chaisiase l'ecume 2 chantier naval port de Granville harbour Manche Normandy France Eric Hall photo May 2022That wasn’t all either.

While I was here I had a look over towards the chantier naval to see how they were getting on with L’Ecume II. They are still bashing away at her but as I watched, something else came around the corner into my field of view.

It’s the little freighter Chausiaise, on her way back from, presumably, a run out to the Ile de Chausey with a load of freight. Someone mentioned to me that if she’s out there with no return load, she’ll bring back a pile of shellfish for the fishermen over there.

marite normandy warrior port de Granville harbour Manche Normandy France Eric Hall photo May 2022From the corner here I walked on down the hill towards the town.

As I was on my way I noticed in the distance that there was a shrink-wrapped speedboat on the quayside and as I approached I could see that Normandy Warrior was in port.

At least, I think that it’s she, because the bridge is slightly different and her skipper has moored her differently than her sister Normany Trader is usually moored.

There were also crowds queueing up to board Marité too. It looks as if she’s going off out for an afternoon’s sailing around the bay. The first time this year that we will have seen her.

The walk through town was rather agonising today and I don’t know why. I’ve noticed for the last few days that I’ not moving around as well as I have been.

And the physiotherapist put me through my paces todays. This new one works me a lot harder than any of the others whom I’ve had so far. I think that she’s on a “kill or cure” mission.

On the way home I called at the pharmacy for the prescription that the sports doctor gave me. If I pick it up while I remember, it saves all kinds of unfortunate complications for later.

freight on quayside port de Granville harbour Manche Normandy France Eric Hall photo May 2022The walk back up the hill was a struggle today. I really am becoming worse and worse these days.

There were several occasions where I was obliged to stop, including at the viewpoint overlooking the inner harbour. And “Gone! And never called me ‘Mother’!”. Both Marité and Normandy Warrior have cleared off.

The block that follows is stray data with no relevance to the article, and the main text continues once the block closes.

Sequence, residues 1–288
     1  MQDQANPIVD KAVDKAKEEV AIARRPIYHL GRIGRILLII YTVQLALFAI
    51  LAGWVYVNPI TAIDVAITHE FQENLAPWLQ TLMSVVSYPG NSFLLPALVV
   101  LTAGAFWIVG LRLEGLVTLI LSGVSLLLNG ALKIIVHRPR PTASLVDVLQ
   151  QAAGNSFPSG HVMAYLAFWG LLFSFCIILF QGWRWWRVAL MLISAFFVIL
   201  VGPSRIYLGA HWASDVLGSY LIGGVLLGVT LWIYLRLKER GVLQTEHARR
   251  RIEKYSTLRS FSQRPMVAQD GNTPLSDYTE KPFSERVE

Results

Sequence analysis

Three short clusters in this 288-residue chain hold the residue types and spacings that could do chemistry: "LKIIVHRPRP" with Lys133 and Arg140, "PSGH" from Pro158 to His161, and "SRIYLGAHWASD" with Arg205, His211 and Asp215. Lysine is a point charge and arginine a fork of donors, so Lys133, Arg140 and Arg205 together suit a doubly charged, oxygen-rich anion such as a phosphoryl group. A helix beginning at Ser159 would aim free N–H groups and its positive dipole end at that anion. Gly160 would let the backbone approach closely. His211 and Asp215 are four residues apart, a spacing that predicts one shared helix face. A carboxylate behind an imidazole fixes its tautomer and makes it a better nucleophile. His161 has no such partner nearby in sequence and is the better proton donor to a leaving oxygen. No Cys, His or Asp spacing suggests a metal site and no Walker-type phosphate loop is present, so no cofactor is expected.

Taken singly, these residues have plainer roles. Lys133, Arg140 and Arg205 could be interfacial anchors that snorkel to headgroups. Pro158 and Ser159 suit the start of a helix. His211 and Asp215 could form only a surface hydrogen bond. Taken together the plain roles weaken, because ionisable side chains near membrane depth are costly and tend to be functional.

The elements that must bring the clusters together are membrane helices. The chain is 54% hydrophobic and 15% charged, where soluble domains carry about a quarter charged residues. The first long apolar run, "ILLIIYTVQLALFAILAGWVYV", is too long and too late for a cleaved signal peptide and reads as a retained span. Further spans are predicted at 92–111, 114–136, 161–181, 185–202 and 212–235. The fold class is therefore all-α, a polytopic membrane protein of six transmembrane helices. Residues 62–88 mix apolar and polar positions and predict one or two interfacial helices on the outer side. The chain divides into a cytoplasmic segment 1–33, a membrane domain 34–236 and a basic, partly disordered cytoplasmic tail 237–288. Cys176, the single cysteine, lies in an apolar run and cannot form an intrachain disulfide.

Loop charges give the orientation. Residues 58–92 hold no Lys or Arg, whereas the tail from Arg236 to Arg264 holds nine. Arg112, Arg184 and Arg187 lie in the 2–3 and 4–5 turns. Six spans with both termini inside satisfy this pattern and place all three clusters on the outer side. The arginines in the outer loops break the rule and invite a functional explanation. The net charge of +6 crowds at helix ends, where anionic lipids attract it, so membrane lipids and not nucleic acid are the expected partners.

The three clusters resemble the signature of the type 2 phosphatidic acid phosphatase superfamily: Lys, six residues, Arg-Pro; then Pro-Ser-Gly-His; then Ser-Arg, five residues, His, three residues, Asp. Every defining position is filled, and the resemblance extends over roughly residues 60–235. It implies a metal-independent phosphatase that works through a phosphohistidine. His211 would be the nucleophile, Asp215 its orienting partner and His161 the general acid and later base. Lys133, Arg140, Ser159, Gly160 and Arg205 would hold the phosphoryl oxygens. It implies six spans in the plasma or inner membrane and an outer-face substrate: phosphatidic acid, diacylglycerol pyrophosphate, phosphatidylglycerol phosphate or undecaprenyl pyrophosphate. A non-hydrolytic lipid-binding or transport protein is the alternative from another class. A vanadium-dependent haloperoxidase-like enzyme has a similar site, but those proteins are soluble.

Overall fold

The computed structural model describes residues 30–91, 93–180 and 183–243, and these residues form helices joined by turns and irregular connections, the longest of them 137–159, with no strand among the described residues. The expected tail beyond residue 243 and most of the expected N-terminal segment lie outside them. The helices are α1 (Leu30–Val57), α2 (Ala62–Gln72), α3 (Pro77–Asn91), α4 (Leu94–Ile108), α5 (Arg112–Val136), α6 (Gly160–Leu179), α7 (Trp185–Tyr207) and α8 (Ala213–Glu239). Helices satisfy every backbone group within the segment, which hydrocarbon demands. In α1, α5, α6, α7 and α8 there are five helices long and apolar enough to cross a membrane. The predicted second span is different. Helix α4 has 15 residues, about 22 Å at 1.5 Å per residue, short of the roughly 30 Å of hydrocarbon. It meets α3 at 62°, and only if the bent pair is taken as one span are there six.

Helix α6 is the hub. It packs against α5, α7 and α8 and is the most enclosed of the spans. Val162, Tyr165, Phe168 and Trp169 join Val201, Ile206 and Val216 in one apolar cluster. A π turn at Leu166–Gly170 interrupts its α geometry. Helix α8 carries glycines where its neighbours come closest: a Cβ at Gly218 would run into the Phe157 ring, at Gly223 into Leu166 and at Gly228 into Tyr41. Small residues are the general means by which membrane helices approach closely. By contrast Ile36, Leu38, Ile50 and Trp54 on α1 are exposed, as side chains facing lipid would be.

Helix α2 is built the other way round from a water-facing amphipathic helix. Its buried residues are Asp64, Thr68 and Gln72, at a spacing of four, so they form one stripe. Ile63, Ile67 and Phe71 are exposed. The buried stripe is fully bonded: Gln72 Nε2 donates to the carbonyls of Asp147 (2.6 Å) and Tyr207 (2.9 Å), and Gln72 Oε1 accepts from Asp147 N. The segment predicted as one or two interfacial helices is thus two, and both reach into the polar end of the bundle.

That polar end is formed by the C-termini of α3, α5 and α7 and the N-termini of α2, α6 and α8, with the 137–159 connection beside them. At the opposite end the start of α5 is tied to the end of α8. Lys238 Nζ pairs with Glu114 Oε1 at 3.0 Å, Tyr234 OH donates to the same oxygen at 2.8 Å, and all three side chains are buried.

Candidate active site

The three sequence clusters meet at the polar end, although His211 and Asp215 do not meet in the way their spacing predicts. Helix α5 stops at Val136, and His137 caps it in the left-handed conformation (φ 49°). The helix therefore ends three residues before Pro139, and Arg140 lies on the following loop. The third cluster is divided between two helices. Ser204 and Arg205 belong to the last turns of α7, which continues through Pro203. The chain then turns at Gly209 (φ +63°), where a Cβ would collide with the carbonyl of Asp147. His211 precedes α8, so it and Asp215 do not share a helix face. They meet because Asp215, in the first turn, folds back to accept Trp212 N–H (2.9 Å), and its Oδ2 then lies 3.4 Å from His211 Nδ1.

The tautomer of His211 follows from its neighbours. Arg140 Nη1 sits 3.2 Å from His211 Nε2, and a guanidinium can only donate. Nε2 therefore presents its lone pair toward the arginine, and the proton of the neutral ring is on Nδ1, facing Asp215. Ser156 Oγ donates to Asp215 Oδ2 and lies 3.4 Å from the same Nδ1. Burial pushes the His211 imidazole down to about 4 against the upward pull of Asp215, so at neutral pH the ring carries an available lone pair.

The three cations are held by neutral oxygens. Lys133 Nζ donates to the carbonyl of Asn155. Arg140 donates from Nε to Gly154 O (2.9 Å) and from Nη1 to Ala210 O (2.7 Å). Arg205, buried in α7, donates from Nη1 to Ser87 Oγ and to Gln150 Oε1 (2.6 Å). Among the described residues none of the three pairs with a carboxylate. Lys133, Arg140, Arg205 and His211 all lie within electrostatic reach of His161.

But the shrink-wrapped speedboat is still on the quayside. Normandy Warrior hasn’t taken that away this afternoon. And so it looks as if either she or her sister will be back in port quite quickly to do the necessary. They won’t be leaving that on the quayside for too long.

notre dame de cap lihou port de Granville harbour Manche Normandy France Eric Hall photo May 2022Something else that was wandering around in the harbour was the local lifeboat, Notre Dame de Cap Lihou.

Strange as it may seem, they have been using her to tow the dredger St-Gilles Croix-de Vie around the harbour while she’s been doing her dredging. So by the looks of things, she’s just knocked off for the day and it going home to have a rest.

In actual fact, not that I saw it, but apparently she was back out later. The dredging is finished so she towed the dredger over to the chantier naval where the portable boat lift could winch her out of the water.

marite baie de mont st michel Granville Manche Normandy France Eric Hall photo May 2022A little further on along the path we finally caught up with Marité again.

It’s a shame that I only had the NIKON 1 J5 with me. That just has the standard lens and so distance photography is pretty useless and I can’t really pick out anything.

But at least, by the looks of things she’s having a good sail around, even if it is with her diesel engines and not with her sails. I don’t suppose that many people still have the skills for this kind of thing.

boats baie de Granville Manche Normandy France Eric Hall photo May 2022Instead of going into my building I went for a look out to see what was happening.

What I was hoping to see was Normandy Warrior disappearing off into the sunset but wherever she was, she was well out of range of any equipment that I had with me.

All that there were that I could see were a couple of local inshore boats with a couple of fishermen therein so I had to content myself with them.